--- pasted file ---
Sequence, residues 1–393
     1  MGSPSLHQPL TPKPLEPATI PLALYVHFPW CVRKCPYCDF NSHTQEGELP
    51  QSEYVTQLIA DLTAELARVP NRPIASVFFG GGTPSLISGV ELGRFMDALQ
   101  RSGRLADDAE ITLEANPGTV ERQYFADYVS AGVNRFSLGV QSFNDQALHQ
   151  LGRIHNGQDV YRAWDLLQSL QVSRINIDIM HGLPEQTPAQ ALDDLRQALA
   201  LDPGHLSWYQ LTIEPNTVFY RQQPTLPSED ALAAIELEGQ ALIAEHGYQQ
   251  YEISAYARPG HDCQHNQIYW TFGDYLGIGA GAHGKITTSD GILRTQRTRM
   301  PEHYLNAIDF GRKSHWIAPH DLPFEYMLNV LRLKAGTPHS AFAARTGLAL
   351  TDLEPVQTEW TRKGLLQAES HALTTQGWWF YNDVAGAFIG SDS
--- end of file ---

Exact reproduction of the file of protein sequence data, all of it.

Sequence, residues 1–393
     1  MGSPSLHQPL TPKPLEPATI PLALYVHFPW CVRKCPYCDF NSHTQEGELP
    51  QSEYVTQLIA DLTAELARVP NRPIASVFFG GGTPSLISGV ELGRFMDALQ
   101  RSGRLADDAE ITLEANPGTV ERQYFADYVS AGVNRFSLGV QSFNDQALHQ
   151  LGRIHNGQDV YRAWDLLQSL QVSRINIDIM HGLPEQTPAQ ALDDLRQALA
   201  LDPGHLSWYQ LTIEPNTVFY RQQPTLPSED ALAAIELEGQ ALIAEHGYQQ
   251  YEISAYARPG HDCQHNQIYW TFGDYLGIGA GAHGKITTSD GILRTQRTRM
   301  PEHYLNAIDF GRKSHWIAPH DLPFEYMLNV LRLKAGTPHS AFAARTGLAL
   351  TDLEPVQTEW TRKGLLQAES HALTTQGWWF YNDVAGAFIG SDS